Sleeping on the job...
Finextra | June 26
Today is National Siesta Day in the UK, which aims to encourage company bosses to allow staff to have an afternoon power nap. […] Some of the companies mentioned have even supplied staff with so-called sleep pods supplied by New York-based Metronaps, which describes itself as a "provider of professional fatigue risk management solutions". […]  Researched and tested at Carnegie Mellon University, MetroNaps says the EnergyPod "is an elegant yet simple device that counters the problem of employee workday fatigue."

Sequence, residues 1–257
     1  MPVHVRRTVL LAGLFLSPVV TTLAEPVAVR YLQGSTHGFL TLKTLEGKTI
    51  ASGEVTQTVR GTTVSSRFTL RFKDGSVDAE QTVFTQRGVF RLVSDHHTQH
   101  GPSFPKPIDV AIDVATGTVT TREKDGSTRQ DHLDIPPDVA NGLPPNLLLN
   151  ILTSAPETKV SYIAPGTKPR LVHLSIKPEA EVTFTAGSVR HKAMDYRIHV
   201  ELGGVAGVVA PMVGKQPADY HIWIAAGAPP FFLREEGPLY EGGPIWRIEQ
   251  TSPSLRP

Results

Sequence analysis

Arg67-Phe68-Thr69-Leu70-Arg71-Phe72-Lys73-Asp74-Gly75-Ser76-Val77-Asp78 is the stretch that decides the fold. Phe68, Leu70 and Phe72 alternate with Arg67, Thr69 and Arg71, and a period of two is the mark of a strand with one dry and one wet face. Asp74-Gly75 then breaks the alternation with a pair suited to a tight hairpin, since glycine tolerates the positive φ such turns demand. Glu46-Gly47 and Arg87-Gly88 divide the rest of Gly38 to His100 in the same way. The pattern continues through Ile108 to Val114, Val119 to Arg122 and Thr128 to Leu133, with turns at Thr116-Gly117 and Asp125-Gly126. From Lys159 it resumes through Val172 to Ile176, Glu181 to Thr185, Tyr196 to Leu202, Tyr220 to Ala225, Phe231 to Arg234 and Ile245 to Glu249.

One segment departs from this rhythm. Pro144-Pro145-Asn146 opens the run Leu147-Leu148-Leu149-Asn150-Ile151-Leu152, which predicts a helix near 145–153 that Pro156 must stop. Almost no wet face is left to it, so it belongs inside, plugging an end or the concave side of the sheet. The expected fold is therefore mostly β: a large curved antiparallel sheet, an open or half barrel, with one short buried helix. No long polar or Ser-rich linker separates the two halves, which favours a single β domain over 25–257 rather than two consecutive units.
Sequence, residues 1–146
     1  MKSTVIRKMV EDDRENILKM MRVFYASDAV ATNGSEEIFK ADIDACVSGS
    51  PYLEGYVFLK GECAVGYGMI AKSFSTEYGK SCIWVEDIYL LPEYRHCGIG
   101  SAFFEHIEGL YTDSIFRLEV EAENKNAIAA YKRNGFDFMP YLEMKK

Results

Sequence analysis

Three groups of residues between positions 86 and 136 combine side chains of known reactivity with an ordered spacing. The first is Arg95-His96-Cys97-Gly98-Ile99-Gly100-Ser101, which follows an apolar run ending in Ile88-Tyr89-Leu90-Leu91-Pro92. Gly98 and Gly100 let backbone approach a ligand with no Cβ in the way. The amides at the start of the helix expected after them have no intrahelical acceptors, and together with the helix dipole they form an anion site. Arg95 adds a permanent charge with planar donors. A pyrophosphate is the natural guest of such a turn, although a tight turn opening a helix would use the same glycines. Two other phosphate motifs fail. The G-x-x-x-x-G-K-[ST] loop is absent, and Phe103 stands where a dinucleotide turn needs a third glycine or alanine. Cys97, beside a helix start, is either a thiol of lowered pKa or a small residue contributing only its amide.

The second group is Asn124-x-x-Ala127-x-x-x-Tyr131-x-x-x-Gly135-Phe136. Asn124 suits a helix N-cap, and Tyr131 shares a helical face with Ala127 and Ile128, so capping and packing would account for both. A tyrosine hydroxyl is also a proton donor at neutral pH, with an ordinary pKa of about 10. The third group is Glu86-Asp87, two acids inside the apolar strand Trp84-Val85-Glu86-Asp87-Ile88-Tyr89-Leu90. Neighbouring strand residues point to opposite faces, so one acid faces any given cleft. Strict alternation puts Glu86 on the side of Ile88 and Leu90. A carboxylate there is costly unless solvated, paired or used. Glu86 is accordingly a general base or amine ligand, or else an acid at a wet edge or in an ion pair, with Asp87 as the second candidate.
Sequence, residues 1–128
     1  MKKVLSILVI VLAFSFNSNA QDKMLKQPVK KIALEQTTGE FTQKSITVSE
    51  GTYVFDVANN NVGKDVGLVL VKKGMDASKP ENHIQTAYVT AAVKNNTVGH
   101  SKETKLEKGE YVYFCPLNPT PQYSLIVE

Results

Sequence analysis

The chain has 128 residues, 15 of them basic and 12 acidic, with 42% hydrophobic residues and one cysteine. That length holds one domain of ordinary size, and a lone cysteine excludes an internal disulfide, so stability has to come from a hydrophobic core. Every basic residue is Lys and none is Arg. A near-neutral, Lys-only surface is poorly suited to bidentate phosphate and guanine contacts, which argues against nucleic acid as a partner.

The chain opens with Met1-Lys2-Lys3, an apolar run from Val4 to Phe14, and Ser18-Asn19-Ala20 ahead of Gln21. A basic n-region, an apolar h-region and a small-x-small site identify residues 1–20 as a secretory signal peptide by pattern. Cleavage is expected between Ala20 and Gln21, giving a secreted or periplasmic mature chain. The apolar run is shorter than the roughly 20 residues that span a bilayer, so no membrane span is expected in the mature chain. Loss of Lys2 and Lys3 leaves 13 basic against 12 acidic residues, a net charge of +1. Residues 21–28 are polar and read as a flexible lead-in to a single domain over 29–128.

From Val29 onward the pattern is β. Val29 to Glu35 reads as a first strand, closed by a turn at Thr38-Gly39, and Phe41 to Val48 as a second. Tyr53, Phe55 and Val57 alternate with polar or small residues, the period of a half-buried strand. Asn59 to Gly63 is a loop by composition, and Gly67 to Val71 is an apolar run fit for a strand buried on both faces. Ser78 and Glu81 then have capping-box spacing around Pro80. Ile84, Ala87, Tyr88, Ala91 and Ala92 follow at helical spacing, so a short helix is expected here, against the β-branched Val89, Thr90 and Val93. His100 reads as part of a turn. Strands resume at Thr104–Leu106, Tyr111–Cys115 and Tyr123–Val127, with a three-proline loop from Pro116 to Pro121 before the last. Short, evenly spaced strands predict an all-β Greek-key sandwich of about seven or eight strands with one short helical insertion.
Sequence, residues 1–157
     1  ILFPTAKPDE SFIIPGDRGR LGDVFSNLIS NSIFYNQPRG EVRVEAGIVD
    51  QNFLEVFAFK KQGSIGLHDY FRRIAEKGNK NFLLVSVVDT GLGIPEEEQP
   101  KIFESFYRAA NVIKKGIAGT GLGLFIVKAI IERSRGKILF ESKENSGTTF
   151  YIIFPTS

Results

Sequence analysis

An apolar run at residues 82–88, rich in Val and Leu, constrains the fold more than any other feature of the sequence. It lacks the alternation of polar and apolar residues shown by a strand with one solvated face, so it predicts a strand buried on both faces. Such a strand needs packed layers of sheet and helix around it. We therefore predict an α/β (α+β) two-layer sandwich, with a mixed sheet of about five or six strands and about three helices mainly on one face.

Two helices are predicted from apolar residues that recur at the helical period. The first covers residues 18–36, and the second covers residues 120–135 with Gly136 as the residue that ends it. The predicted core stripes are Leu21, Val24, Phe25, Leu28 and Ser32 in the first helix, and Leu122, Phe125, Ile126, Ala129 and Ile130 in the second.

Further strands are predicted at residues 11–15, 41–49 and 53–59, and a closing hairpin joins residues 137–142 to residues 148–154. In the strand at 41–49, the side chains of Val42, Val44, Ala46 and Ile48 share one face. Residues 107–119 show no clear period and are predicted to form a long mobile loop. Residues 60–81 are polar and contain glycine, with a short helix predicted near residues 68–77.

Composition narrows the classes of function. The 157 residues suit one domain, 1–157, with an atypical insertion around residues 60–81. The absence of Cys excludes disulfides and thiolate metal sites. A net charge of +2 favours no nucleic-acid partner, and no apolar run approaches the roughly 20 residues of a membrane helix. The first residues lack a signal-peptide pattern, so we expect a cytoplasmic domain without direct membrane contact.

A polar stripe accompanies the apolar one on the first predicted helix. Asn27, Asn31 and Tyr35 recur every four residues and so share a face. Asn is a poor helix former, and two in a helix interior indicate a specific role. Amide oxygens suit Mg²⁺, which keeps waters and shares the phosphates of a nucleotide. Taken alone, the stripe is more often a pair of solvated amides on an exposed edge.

If Oil Is Causing Inflation, What Can Fed Really Do?
CNBC | June 25
"The Fed has made a mistake, a big one, in fact a number of mistakes, and the only thing it can do now is begin to correct them," says Allan H. Meltzer, a Fed expert at Carnegie Mellon University. "It overreacted to the housing slump, it overestimated the loss in jobs, it underestimated the inflation effect, so it should know by now that for the millionth time its forecast was not very good. It should aim at a low level of inflation for the short term."